I’ve translated the home page into English using the gTranslator extention for Firefox (which I recommend) for us English speakers who don’t know Chinese, and taken a screenshot of it so people can see what the website is about. I hope it is useful.
Chinese artist Ai Weiwei, disappeared by the authorities on April 3, is reported to have confessed to charges of tax evasion after being tortured in custody, according to an article published in a Chinese human rights journal.
The details of the case, said to have been leaked by “an official with conscience in the Ministry of Public Security,” were published on April 21 EST in a text titled “The Alarming Conspiracy Behind Ai Weiwei’s Torture and Confession,” dated April 19, in the biweekly journal of the NGO Human Rights in China (HRIC). The article claims to be written by an anonymous Xinhua journalist and was in the “Letters from China” section.
The text says that Fu Zhenghua, Director of the Beijing Municipal Public Security Bureau, instructed Ai’s captors to show him the video of the torture of Gao Zhisheng, a human rights lawyer who was targeted by the authorities after writing letters in protest of the persecution of Falun Gong.
The video showing Gao being tortured, “included electric batons being inserted into Gao’s anus, and his blood, semen, feces, and urine draining out,” a translation of the first paragraph of the article says.
Fu Zhenghua ordered that security forces do the same things to Ai Weiwei, to “make him do what we want him to do.” The text says that, after being tortured for several days, Ai signed a confession.
Ai’s case is being handled by the Economic Investigation General Unit and the Domestic Security Team of the Beijing Municipal Public Security Bureau, the article says.
He Qinglian, a commentator on Chinese social and political issues, believes the reports of torture are credible. “I had thought about that when he was first detained,” she told Radio Free Asia in an interview. “You have to realize that he is the only one who dares to mock the authoritarian regime.”When Ai’s older sister Gao Ge saw the news, RFA reports, she said “I cannot let my mother see.”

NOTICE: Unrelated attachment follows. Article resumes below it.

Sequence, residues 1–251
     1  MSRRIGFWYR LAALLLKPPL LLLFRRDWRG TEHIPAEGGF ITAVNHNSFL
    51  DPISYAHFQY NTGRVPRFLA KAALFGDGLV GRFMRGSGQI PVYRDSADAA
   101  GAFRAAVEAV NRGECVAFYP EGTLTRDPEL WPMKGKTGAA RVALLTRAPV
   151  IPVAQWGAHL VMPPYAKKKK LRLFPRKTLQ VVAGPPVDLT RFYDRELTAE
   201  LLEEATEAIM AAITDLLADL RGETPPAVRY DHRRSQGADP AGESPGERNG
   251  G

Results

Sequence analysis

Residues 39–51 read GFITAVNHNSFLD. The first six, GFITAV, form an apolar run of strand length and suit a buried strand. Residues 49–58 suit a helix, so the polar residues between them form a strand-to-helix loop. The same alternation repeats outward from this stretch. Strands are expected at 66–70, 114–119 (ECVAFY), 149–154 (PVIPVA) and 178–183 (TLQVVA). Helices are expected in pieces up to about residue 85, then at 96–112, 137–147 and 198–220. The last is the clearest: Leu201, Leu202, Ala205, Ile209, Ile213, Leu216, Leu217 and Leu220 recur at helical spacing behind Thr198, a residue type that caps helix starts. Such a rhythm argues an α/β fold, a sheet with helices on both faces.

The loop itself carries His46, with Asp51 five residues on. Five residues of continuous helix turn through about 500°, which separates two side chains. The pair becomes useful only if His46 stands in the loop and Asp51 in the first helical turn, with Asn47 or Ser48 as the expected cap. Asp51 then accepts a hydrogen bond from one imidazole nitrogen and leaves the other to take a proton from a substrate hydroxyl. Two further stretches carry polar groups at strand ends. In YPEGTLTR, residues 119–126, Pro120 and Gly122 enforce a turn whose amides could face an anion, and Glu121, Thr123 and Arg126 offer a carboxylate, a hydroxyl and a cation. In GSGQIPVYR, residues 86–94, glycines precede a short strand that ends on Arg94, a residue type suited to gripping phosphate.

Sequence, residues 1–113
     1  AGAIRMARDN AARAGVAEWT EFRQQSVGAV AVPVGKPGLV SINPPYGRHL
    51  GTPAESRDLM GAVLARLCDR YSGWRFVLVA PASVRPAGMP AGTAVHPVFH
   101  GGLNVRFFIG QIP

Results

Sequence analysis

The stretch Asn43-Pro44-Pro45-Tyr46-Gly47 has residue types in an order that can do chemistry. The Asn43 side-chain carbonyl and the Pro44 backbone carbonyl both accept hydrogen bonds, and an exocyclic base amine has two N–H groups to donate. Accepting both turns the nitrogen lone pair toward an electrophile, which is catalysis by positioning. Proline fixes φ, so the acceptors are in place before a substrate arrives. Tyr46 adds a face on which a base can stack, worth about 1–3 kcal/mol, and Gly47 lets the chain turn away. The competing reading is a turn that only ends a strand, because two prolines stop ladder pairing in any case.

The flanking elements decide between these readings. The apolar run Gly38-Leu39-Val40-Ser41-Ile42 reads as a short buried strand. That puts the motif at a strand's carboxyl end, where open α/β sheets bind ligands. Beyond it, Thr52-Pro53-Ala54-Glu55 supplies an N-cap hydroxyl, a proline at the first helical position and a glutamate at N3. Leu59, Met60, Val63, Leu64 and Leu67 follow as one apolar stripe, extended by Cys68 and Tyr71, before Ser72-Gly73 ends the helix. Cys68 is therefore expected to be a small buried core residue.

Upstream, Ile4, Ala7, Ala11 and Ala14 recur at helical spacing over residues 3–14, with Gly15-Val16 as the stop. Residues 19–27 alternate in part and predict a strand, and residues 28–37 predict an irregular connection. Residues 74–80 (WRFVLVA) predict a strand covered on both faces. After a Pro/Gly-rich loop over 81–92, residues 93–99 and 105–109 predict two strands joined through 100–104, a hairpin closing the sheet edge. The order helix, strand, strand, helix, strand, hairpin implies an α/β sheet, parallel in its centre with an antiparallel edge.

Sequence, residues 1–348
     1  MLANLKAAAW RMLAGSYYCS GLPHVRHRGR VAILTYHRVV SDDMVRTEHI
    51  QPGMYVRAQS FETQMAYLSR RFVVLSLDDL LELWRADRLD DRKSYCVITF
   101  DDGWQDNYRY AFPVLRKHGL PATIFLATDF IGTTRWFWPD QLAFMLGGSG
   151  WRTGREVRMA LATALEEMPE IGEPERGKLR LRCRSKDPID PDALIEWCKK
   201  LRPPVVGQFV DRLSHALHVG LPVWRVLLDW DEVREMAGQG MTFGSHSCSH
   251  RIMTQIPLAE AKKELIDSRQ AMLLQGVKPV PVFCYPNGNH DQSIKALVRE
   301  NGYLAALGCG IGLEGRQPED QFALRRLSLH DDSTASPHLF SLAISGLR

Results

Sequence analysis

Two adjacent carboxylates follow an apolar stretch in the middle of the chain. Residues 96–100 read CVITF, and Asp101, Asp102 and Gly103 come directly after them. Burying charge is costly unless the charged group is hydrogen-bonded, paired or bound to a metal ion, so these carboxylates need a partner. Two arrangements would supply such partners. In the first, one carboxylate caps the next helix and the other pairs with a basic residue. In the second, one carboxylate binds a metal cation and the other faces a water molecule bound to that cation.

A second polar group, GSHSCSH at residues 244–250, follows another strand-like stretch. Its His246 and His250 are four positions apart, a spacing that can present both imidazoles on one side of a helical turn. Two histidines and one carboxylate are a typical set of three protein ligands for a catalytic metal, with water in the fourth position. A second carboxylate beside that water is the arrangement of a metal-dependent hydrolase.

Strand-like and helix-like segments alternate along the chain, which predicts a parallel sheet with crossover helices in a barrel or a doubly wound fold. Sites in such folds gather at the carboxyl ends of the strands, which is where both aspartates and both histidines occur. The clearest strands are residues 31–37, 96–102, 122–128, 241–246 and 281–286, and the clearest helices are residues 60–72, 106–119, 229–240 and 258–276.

She had no way of knowing the truth of the report, she said; they are going to ask the authorities to clarify the matter.
The journal’s editorial policy says that they welcome submissions from a wide variety of sources. HRIC did not comment to The Epoch Times on whether they believe the article by the alleged Xinhua reporter to be credible or not.
Here is a news roundup for Libya, Bahrain, China, Ivory Coast, Yemen and other countries for Monday, March 7.
[Previously: March 5-6]
Libya - The People:
- Fighters In Libya’s West Mostly Cut Off From Outside | NPR
- More than one million people fleeing Libya and inside the country need humanitarian aid, UN says. | Reuters
- Rebels flee Ras Lanuf after advance by Gaddafi troops | Telegraph
- Libya rebels beg for no-fly as bombings persist | CBS News
- Premature to arm Libya rebels, says White House | AFP
- How Food Could Determine Libya’s Future | The Atlantic
- Rebel leadership wants future British assistance ‘in a legal way’ | Telegraph
- VIDEO: Rebels defiant despite the odds | Sky News
- VIDEO: Man With Live RPG In Leg Libya | LiveLeak (h/t motherjones)
- VIDEO: Rebels moving toward capital | AP
Libya - The Regime:
- Civil war in Libya if Gaddafi quits, son tells TV | Reuters
- @Reuters: Al Jazeera says Gaddafi offers rebels to hold people’s congress to let him step down with guarantees (h/t soupsoup)
- Against Libya’s rebels, Gadhafi controls the skies | AP
- Libya Rebels Reject Potential Gaddafi Offer To Step Down: Reports | Reuters
- Gadhafi Forces Strike Coastal Town | WSJ
- Gaddafi’s jets slow rebel advance on Sirte | Guardian
- Two more UK universities linked to Libya regime | Guardian
- VIDEO: Gadhafi forces push back | GlobalPost
- Interview: ‘I Lobbied For Libya’ - Understanding Libya’s Michael Corleone | Foreign Policy
Libya - The International Response:
- UN calls for $160 mn to help Libya conflict victims | AFP
- UN appoints envoy and agrees humanitarian visit | BBC
- U.S. Seeks Consensus On Libya At U.N. | NPR
- NATO launches 24-hr AWACS surveillance of Libya | Al Arabiya
- NATO has ‘no intention’ of intervening in Libya, says NATO Sec. General Rasmussen | VOA News
- Libya capture a ‘misunderstanding’, says Hague | The Independent
- William Hague says more diplomats may go to Libya | BBC
- Britain and France at centre of no-fly zone support | Telegraph
- In the months before Libyans revolted and President Barack Obama told leader Moammar Gadhafi to go, the U.S. government was moving to do business with his regime on an increasing scale by quietly approving a $77 million dollar deal to deliver at least 50 refurbished armored troop carriers to the dictator’s military | AP